The US State Department official responsible for the EU explains why Britain should remain part of Europeby Jay Elwes / November 13, 2014 / Leave a comment
“Clearly austerity has its time, but there also are times for investment,” says Julieta Valls Noyes, the US State Department official with responsibility for relations with the European Union and western Europe. She spoke exclusively to Prospect, her remarks coming as the eurozone risks slipping towards deflation.
Asked whether Europe, Britain included, has gone too far with austerity policies, Valls Noyes says: “I have heard people say that. This is not a question that we necessarily would draw broad conclusions about, but we certainly would welcome seeing in some countries that are able to do so a greater focus on investment as well.”
Valls Noyes, Deputy Assistant Secretary in the Bureau of European and Eurasian Affairs, indicates that the idea of greater spending is finding favour in Europe. On a recent trip to Germany, she says “I heard a lot of talk… saying that they needed more investment in their infrastructure and that there needed to be a focus not just on austerity and exports, but also on domestic investment and on other avenues toward growth.”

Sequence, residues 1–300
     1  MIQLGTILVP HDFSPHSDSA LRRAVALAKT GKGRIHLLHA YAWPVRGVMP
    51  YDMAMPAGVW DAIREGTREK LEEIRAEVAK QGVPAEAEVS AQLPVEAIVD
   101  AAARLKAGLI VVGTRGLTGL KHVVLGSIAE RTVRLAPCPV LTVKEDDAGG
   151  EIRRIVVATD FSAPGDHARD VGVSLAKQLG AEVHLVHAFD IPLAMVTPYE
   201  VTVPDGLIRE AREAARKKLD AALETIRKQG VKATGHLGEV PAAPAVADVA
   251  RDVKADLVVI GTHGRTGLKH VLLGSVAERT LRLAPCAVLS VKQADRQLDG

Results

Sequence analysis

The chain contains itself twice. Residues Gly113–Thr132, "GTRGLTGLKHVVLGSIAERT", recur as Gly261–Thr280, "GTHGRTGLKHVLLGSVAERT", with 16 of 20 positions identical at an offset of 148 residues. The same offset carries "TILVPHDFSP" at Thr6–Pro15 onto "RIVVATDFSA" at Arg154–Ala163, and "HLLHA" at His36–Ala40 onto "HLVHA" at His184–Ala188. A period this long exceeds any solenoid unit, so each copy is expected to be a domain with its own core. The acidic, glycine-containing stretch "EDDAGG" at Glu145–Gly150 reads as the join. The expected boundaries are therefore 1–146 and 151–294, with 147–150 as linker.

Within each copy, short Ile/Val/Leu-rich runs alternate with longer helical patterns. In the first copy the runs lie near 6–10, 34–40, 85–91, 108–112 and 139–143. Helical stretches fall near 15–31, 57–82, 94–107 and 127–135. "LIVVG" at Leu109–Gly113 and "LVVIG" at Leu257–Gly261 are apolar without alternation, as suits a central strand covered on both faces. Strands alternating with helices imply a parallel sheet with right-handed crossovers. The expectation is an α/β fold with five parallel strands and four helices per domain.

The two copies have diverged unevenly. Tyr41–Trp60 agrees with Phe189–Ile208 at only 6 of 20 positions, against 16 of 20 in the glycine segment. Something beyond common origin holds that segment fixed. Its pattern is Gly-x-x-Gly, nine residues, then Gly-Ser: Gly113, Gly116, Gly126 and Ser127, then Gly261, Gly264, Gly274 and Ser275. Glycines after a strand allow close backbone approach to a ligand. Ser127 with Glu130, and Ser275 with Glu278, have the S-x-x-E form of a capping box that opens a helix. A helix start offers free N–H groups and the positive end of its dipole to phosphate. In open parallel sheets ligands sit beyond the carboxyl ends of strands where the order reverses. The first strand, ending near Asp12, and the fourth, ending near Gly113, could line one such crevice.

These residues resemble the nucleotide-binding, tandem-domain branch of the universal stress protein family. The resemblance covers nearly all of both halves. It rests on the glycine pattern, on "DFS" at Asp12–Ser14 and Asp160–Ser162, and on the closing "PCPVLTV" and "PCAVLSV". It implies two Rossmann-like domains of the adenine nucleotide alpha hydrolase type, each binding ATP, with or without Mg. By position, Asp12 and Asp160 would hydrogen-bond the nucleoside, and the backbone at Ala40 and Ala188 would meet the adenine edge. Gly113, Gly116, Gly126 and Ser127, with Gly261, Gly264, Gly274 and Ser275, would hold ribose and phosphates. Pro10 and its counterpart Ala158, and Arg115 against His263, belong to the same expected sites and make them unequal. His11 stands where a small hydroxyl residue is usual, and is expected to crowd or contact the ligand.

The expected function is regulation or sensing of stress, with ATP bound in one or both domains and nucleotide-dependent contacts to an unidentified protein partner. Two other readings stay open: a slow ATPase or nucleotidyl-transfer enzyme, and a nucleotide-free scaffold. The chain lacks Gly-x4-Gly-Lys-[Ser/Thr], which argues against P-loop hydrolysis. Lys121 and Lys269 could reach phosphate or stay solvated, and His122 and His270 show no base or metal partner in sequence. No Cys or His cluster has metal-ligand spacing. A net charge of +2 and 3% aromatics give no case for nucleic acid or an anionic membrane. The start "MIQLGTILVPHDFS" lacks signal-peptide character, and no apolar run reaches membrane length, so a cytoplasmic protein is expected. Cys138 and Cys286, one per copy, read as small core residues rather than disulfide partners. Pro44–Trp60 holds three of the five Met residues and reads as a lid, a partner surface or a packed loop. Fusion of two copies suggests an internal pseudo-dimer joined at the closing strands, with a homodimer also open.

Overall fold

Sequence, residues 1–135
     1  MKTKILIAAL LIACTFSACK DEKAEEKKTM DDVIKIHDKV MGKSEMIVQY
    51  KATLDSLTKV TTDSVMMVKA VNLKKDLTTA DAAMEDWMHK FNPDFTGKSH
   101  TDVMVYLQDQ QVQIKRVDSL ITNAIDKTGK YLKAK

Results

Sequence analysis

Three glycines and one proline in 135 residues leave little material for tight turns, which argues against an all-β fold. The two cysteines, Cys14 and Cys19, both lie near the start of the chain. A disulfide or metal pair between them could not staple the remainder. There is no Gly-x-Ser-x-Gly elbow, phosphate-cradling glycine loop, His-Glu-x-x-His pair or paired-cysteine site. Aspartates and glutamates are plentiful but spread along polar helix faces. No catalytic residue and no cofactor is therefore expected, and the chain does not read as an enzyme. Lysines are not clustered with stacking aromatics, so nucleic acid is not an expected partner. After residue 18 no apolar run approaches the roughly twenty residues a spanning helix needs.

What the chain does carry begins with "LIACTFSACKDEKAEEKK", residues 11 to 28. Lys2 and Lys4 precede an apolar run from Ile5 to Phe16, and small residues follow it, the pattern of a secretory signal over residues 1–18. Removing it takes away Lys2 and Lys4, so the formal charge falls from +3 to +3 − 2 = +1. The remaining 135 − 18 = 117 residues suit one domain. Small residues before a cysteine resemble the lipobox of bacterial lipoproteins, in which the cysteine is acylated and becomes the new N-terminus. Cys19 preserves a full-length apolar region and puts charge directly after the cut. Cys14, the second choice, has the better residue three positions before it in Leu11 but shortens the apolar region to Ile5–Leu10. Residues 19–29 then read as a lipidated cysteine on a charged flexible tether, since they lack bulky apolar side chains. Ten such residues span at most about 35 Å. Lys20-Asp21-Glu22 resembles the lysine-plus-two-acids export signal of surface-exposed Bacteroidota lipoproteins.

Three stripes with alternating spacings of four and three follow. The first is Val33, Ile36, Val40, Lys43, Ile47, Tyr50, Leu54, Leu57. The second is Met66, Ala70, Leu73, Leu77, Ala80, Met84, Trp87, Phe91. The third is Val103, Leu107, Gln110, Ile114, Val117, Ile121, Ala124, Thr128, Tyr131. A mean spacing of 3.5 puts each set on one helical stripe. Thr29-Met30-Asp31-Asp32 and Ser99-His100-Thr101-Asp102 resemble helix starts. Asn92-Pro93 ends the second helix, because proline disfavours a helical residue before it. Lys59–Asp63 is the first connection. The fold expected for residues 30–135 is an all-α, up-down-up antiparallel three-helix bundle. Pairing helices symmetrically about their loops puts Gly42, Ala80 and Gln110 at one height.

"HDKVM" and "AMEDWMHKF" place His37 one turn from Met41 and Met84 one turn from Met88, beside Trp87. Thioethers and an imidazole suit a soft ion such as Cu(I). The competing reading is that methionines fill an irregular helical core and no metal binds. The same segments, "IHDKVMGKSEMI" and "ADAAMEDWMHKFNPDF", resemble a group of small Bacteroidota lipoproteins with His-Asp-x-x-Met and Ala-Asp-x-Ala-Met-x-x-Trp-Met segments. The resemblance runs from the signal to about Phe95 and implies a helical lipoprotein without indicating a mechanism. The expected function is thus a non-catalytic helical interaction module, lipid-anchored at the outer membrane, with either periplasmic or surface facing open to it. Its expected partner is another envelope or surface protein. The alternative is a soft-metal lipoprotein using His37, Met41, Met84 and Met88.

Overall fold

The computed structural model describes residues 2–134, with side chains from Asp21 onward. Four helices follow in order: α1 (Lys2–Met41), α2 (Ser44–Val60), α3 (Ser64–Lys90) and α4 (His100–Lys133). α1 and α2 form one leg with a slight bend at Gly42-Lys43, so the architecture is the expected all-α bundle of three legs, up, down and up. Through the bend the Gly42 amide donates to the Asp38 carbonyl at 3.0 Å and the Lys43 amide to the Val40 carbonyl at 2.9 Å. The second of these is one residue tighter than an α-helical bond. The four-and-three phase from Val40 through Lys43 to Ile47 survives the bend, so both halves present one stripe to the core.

In the 2014 Budget, the Treasury stated that total public and private infrastructure spending between 2011 and 2013 had been $45bn. In capital spending plans set out by George Osborne at the 2013 spending round, the Chancellor promised £100bn of capital investment in 2015-16 for transport, science, schools, housing broadband and flood defences. That is a substantial increase in government capital investment, although the general election in 2015 makes it uncertain whether Osborne will be the one to implement it.
Valls Noyes also discussed the rise of eurosceptic politics in Britain. When asked whether the US would prefer Britain to remain within the EU, she says: “Short answer—yes.” The first reason concerns sanctions on Russia: “One of the most important things that the United Kingdom can do is to help maintain EU resolve in maintaining the sanctions,” she says. Britain’s role “is to help maintain that pressure and maintain the EU coherency and the united EU approach in maintaining the sanctions.
“Having Britain, which has been very strong and has been one of the strongest proponents of a forceful response to…